COLUMBUS, Ohio — A group of Ohioans gathered in downtown Columbus on Thursday to say they will not stand for what they feel is a lack of transparency in the congressional redistricting process.

What You Need To Know

  • Ohioans gathered in downtown Columbus to protest what they feel is a lack of transparency in the congressional redistricting process

  • The commission has yet to introduce a map or have any hearings

  • If the commission does not approve a new congressional map by Oct. 31, the process shifts to the General Assembly

There are less than two weeks before the Ohio Redistricting Commission has to approve a new map, but the commission has yet to introduce a map or have any hearings.

"Get to work! Do your job!" the nonpartisan voting rights group, Fair Districts Ohio, chanted again and again Monday afternoon.

Katie McCracken of Minerva Park, who was among the picketers, said she demonstrated because she is fed up with the Ohio Redistricting Commission.

"It's a struggle. I have to only watch the news for short periods of time because my blood pressure goes through the roof," said McCracken.

Like many Ohioans, McCracken was upset at the way the commission handled the legislative mapmaking process. Those maps are at the center of three lawsuits in front of the Ohio Supreme Court.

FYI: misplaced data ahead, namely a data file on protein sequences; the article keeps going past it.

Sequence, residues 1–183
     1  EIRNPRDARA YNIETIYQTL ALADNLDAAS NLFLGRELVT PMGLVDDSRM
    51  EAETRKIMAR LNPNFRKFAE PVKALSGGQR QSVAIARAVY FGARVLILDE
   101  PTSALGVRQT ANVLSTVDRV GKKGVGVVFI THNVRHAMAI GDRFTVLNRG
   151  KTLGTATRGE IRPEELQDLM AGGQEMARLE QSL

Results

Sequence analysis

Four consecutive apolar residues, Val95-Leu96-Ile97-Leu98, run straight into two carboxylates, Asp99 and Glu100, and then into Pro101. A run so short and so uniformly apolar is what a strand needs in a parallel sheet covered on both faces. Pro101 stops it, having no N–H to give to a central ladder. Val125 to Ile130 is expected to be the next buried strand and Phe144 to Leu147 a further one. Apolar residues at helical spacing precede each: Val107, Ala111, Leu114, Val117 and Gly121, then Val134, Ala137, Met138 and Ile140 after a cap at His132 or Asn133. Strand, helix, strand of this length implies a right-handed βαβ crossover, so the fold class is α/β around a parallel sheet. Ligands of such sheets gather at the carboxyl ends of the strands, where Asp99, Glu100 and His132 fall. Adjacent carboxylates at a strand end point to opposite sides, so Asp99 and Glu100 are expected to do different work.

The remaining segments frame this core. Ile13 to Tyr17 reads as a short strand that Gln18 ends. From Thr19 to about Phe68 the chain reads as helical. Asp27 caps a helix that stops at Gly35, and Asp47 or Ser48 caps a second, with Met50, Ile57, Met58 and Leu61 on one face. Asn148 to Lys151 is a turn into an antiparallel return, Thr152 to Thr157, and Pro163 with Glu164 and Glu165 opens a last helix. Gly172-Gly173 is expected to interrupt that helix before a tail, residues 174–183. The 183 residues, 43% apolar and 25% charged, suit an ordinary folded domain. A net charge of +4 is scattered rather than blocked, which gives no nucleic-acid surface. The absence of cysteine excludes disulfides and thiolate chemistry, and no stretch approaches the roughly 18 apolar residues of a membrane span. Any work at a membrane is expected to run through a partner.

McCracken is afraid the congressional maps will be done the same way.

"I don't see any evidence to prove otherwise," she said.​

The demonstration happened outside Secretary of State Frank LaRose's office. A person who works for the secretary came outside to give the picketers a map. It was not a map of what the congressional districts could look like but directions to where Ohioans can find the co-chairs of the commission.

“If anyone has any questions about where any of the commissioners are on these issues, then the co-chairs should immediately call for a meeting so that members can begin these discussions,” said LaRose's press secretary, Robert Nichols, in a statement.

"I think there are members that are interested in doing the right thing," said Mike Ahern of Blacklick.

Ahern said he hopes that eventually includes all seven members of the commission.

"My main message is to start the work that needs to be done, do it in a transparent way. Let's get this done for democracy and for our country," said Ahern.

Two weeks ago, Democratic co-chair and Sen. Vernon Sykes, D-Akron, sent fellow co-chair and Republican House Speaker Robert Cupp, R-Lima, a letter asking for hearings to get started. All Cupp has said publicly is work is being done behind the scenes on a Republican version of the map and a hearing schedule will be announced “in the near future.”

"It seems like map makers are collectively burying their head in the sand. And voters deserve better,” said Jen Miller with the League of Women Voters of Ohio. “Once again, we could end up before the Ohio Supreme Court or maybe potentially we're going to have to go back to the ballot where we bring a redistricting process to the people that takes politicians out of the equation entirely.”

If the commission does not approve a new congressional map by Oct. 31, the process shifts to the General Assembly. The state legislature would then have until Nov. 30 before the final deadline.